If you do your yearly doctor visit, (which you should), your provider probably asks if you exercise and how much. Whether or not you have a few pounds to lose, you should spend time at least a few times a week exercising. Exercise is probably the best natural medicine on earth.
Yes, exercise is an important method for weight-control, but it’s also essential to keeping your body healthy and free of sickness. Every system in your body—from your immunity to your bones—is benefitted by regular exercise.
Other surprising benefits of getting in your daily sweat session are stress-control and sleep. Exercise has an invaluable effect on your brain, helping it to feel energized and calm at the right times.
Boosts Your Mood
You’ve undoubtedly heard about endorphins, or the chemicals that run around in your brain and make you happy. Well, studies have shown that a good bout of exercise can increase the amount of endorphins in your brain. It’s no wonder you always feel better after you work out.
Exercise also boosts levels of serotonin, which can help regulate your mood. In fact, doctors often prescribe a daily exercise regimen to help ease chronic depression and anxiety.
Exercise is also great because it gives your brain a focused activity, allowing it a break from the normal stress of everyday life. Once you’re done, not only do you feel accomplished from achieving said task, your rested brain will be more ready to take on more complex tasks.
Reduces Cortisol Levels
Cortisol is a hormone that gets released when you’re stressed. It’s what’s responsible for that “flight or fight” response. Although cortisol has a bad reputation, it’s a necessary hormone for many functions of your body. However, if you have elevated cortisol levels for too long, it can have deleterious effects on your body.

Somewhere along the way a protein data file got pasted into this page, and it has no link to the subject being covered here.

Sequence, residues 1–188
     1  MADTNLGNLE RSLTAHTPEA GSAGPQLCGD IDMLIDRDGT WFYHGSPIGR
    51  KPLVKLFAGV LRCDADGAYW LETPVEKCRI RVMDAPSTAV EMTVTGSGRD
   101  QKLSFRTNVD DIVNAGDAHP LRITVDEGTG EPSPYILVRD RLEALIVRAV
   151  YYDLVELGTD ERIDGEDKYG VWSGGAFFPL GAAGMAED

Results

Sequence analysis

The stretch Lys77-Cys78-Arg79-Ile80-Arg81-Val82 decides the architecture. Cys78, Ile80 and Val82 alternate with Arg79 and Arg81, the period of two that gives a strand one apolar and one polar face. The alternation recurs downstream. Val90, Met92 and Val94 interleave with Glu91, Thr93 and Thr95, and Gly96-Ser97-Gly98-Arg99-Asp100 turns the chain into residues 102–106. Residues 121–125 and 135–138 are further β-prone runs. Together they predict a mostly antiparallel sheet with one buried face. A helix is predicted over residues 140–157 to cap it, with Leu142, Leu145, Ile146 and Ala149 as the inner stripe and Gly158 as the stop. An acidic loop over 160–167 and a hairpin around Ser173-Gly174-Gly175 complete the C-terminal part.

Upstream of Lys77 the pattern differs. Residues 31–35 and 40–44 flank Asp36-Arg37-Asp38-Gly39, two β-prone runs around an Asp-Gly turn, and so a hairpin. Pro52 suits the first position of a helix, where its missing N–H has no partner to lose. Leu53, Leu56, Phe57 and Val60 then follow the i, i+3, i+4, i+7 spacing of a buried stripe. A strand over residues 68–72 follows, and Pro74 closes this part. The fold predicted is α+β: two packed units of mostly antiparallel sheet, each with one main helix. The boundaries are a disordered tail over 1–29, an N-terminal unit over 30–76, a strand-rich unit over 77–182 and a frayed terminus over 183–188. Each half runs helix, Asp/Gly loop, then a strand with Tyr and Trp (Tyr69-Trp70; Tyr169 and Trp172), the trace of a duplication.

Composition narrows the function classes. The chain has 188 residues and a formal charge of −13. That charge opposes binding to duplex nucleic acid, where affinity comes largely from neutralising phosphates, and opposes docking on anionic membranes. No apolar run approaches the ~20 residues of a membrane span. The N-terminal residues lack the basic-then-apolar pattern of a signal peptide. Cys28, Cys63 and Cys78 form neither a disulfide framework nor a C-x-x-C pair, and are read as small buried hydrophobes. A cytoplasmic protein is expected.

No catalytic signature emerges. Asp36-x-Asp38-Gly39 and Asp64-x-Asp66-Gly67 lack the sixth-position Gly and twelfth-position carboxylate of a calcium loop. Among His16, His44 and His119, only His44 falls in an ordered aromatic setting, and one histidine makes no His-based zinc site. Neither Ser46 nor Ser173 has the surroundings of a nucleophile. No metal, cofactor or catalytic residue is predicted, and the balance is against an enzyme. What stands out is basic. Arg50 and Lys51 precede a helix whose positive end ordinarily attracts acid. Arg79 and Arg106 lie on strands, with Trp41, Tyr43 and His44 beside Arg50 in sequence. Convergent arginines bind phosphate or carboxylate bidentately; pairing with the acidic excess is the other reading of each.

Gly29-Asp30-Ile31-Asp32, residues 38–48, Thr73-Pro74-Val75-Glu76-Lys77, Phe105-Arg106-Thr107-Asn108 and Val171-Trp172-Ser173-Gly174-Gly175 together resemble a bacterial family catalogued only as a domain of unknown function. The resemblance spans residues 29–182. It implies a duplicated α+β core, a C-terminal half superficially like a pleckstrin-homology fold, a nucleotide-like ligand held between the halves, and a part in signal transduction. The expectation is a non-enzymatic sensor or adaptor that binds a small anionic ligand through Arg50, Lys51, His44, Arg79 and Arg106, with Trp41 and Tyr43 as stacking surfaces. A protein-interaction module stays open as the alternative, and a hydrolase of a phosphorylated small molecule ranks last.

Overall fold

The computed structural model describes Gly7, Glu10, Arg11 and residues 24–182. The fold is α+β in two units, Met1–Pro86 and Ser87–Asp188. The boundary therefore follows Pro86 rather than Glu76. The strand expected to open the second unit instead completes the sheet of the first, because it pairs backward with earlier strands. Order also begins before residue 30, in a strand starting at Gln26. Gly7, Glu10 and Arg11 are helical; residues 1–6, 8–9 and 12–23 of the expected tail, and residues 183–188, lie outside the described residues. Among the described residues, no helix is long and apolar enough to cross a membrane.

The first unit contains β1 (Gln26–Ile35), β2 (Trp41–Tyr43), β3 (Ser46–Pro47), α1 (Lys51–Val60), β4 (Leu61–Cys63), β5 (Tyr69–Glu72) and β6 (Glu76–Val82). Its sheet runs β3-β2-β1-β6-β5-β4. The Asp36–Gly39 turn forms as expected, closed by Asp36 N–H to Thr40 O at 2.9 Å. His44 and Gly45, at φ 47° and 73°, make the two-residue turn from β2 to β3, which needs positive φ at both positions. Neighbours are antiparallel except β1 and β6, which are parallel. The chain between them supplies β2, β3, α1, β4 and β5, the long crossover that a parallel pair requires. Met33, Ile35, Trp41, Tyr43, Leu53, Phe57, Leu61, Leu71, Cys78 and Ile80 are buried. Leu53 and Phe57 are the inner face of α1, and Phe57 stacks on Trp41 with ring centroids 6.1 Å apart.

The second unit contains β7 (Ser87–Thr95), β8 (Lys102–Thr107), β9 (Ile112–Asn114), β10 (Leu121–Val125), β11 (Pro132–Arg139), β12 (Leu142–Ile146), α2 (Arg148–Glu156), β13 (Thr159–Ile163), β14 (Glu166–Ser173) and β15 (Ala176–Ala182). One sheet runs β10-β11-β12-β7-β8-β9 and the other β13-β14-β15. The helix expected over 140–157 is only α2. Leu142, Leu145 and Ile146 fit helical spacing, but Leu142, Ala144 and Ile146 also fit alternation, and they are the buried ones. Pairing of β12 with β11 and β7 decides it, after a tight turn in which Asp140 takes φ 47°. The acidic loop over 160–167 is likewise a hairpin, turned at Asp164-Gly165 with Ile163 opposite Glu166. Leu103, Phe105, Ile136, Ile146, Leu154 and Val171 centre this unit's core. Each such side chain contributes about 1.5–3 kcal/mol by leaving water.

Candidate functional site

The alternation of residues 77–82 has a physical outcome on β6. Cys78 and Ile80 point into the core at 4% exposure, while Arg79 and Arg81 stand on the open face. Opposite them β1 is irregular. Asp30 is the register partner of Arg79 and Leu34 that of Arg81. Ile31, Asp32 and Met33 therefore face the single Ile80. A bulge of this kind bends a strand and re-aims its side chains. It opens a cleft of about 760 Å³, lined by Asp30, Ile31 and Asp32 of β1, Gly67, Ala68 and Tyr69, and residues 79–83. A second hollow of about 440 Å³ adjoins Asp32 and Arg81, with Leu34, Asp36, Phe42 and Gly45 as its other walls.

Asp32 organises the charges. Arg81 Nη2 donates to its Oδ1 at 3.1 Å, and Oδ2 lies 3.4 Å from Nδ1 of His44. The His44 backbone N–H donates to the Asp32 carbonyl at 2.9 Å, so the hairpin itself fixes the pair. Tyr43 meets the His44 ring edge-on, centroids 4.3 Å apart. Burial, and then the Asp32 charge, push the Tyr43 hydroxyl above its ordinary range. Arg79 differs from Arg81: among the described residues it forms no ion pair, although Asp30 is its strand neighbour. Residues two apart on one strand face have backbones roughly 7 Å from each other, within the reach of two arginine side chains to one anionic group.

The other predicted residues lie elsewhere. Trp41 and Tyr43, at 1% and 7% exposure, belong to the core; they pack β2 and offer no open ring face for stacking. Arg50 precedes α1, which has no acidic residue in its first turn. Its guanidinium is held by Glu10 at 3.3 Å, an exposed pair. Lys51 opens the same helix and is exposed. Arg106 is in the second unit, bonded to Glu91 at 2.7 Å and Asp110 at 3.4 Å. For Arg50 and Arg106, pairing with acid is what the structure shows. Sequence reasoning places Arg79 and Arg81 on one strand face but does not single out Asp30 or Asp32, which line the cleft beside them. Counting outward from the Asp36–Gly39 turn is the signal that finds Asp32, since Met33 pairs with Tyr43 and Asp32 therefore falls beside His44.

Elevated cortisol levels can cause a bunch of problems, including acne, weight gain, high blood pressure, and sleeplessness. Exercise, however, can help keep your cortisol levels steady.
Makes You Tired
A regular exercise regimen can help you keep your sleep/wake cycle (circadian rhythm) on track. If you can go to sleep about the same time each night, you’ll find you sleep much better. Training during the day can make your body more relaxed and ready to sleep by the time night comes.
Because exercise burns calories and causes stress (the good kind) on your body, it’ll need to rest. A tired body goes to sleep more easily.
Be smart about when you exercise, though. It can take a few hours for your body to “come down” from exercise, so try not to work out too late at night, especially if you have to get up early in the morning.
For More Benefits, Exercise Outside!
Fresh air and daylight are incredibly beneficial for your brain and your body. Both have calming effects on the brain, and exposing yourself to daylight can actually help you produce more melatonin—the sleepy hormone—when it gets dark.
Exposing your skin to sunlight will also help your body produce vitamin D, an important part of maintaining healthy bones and teeth, as well as immunity and brain function.
So, if you’re going for a run, ditch the treadmill and head outside!